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Dimitry K., Esq.
Dimitry K., Esq., Attorney
Category: Legal
Satisfied Customers: 41221
Experience:  Multiple jurisdictions, specialize in business/contract disputes, estate creation and administration.
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Hello! I quit my job due to unrelenting circumstances. I

This answer was rated:

I quit my job due to unrelenting circumstances.
I have 4,000 worth of deposits in our work system for pictures. As I was leaving I took my pictures without permission. I understand this is wrong.
My previous Manager is threatening to sue me, and will also not give me my final pay check. My pay check is dated today, but she will still not give it to me. Texas law dictates through the TWC that not giving me my paycheck past today is against the law. She is threatening to sue me even though I've said I would give back the images (even though they're 'technically payed for'). Is this extortion?

Thank you for your question. Please permit me to assist you with your concerns.

It is not technically extortion. Extortion would be if you were threatened with criminal action. A threat for a civil suit would not rise to that level. What it is, instead, is a violation of state employment laws as you pointed out, and that grants you the right to contact the state agency and file a grievance against the employer, or sue in small claims for your expenses. However please be aware that filing suit may create a situation where the other side could escalate the issue also, and they could potentially file suit for damages, and pursue possible criminal charges for theft from their premises, as this would qualify as such.

Good luck.

Customer: replied 4 years ago.

I understand, thank you for your help. I have one more question that does tie into my situation.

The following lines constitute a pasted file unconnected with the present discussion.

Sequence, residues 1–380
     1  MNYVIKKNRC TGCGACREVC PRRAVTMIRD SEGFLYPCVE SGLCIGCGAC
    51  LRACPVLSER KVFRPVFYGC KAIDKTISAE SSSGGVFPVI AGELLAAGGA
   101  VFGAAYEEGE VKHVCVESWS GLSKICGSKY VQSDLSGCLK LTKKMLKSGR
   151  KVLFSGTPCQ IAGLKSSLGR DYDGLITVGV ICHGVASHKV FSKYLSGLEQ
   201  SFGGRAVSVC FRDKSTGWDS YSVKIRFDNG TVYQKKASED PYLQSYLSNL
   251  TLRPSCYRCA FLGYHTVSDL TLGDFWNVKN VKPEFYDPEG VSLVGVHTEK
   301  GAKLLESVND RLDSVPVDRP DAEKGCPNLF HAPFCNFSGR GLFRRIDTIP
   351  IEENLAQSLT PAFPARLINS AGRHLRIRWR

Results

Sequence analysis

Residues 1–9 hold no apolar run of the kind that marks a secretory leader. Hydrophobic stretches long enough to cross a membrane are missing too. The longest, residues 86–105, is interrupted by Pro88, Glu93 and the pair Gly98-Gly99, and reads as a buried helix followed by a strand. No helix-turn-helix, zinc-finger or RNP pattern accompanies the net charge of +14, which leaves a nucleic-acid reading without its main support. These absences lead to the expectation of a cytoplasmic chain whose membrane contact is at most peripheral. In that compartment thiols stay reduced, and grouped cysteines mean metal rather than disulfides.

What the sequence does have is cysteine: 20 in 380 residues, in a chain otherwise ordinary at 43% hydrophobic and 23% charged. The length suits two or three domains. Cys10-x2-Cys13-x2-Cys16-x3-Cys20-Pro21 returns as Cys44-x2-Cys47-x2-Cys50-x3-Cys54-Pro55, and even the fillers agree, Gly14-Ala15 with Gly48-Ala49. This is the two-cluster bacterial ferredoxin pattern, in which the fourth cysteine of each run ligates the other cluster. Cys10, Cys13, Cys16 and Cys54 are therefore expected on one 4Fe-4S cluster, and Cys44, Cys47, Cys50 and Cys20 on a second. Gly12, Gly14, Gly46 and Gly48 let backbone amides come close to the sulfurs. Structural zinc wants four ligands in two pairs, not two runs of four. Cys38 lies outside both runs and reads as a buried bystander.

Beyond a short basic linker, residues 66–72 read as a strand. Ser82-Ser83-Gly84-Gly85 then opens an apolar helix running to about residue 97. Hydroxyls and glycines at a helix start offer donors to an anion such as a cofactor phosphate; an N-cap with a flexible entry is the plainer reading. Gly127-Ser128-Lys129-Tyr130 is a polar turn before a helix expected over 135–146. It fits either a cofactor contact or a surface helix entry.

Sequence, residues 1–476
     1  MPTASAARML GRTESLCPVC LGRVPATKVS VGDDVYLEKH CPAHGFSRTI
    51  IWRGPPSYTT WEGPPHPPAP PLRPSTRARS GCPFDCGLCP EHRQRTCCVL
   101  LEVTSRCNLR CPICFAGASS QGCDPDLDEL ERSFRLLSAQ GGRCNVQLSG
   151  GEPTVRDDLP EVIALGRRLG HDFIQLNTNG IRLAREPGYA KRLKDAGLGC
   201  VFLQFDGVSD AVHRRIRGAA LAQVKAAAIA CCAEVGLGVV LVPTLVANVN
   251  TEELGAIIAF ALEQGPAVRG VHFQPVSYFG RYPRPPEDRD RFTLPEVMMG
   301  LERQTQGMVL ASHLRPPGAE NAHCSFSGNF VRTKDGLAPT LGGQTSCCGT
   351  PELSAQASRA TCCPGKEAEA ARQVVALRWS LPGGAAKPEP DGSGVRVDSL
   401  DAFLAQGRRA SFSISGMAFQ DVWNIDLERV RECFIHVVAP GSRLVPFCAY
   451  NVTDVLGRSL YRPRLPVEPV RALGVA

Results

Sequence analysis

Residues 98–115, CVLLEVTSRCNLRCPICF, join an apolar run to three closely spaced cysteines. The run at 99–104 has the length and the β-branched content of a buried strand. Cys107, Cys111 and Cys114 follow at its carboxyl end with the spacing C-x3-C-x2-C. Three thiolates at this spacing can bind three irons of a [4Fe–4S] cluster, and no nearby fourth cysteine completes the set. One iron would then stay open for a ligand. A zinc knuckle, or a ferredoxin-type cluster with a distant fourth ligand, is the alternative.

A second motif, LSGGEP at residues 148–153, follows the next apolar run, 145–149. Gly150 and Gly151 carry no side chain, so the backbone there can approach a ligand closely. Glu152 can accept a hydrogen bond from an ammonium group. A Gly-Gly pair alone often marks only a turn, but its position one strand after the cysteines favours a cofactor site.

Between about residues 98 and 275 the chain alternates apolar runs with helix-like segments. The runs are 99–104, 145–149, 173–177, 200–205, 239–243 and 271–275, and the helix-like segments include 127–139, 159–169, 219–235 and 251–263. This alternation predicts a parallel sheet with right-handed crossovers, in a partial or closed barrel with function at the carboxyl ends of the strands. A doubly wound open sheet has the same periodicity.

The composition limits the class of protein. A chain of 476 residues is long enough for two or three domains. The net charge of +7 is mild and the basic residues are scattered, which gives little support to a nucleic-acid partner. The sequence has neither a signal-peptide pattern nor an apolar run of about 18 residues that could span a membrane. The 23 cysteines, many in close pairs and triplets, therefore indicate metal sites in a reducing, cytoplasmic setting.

If I give back the product unharmed, unused, etc, and she refuses, what legal action can be taken against me?

Even if the product was payed for, or partially payed for.

Thank you for your follow-up.

Even if you return the item, since you took and removed it without consent, she could still seek damages to her business (if there was any) or criminal charges. That is why requesting a waiver under which the other party agrees to not pursue any legal or criminal charges stemming from this event may be very wise.

Good luck.

Customer: replied 4 years ago.

Sorry Dimitry, mouse glitched and hit poor service. You've been very helpful, can it be changed to great service?

Not a problem, I was likewise surprised at the poor rating.

If you could re-rate this post, it will over-write the initial rating and will remove it from your record. Please let me know if I can assist you in any other way. Thank you!

Customer: replied 4 years ago.

Absolutely! Hitting Excellent.

I do have one more question.

I was making commission over hourly.

I was intimidated and told not to clock in anymore because it was hurting payroll. This has been done to all of the employees at my last work place. No one clocks in, and if they do, they are eventually fired for consuming payroll. There is a paper trail.

Is this illegal? I understand employers can't baby sit employees clocking in and out, but I always found this off. Last question.

Great, thank you!

This does happen to be illegal also. You are entitled to be paid for hours worked, not hours 'clocked in'. This is likewise something that can be reported to the Department of Labor and potentially escalated to a lawsuit.

Good luck.

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